Choosing a persuasive topic for a college class isn't as easy as it sounds. For starters, you need to find something that can be argued or persuaded. Some topics just can't be argued. Another problem students have is finding the topics that can be researched.
It's very important that you find topics that will allow you to demonstrate good writing and research techniques. Think of it, you are creating a product that's never been created before. You are becoming part of an argument with how you use your sources to persuade or convince your audience. In order to 1) use sources, 2) have the correct amount of content (not too little and not too much), and 3) meet the instructor's directions, you must pick a topic very carefully.
We all have our interests and do some sort of research, whether it be Google Searching or just discussing interests with friends, but how do we take it to the academic standard that your instructors expect in college?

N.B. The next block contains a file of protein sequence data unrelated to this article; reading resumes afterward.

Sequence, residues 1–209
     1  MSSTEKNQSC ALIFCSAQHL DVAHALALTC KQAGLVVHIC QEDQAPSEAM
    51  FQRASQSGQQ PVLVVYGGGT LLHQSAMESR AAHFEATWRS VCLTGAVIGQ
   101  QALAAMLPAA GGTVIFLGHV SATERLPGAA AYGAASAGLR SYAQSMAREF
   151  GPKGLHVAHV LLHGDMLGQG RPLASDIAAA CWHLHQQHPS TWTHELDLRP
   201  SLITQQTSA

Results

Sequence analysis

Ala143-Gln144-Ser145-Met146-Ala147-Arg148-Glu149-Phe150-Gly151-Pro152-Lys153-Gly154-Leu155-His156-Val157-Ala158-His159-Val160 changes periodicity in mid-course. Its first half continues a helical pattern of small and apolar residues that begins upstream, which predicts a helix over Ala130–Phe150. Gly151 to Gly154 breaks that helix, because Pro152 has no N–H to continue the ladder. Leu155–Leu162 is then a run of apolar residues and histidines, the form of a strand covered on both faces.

Personal Searching: Social media, Wikis, Quora, eHow, Reddit, friends/peers
Academic Searching: Library Databases, .gov, .org, Any source with authority, experts/authorities, no Wikipedia, no Social Media unless you can trace the origins of the story to a reputable souce
Some questions to help determine if a research question is appropriate for academic research:
• Can the question be answered yes or no?
• Can the question be answered in one sentence or a single paragraph?
• Have entire books been written to answer this question?
• Would answering this question help someone else who has an interest in this topic?
Public Opinion Polls
Examples of questions for persuasive papers:
It is challenging to determine whether information from the Web is credible and can be trusted. Is it factual? Biased? Relevant to your topic?
Here is a handy acronym to help you determine if a source may be CRAP.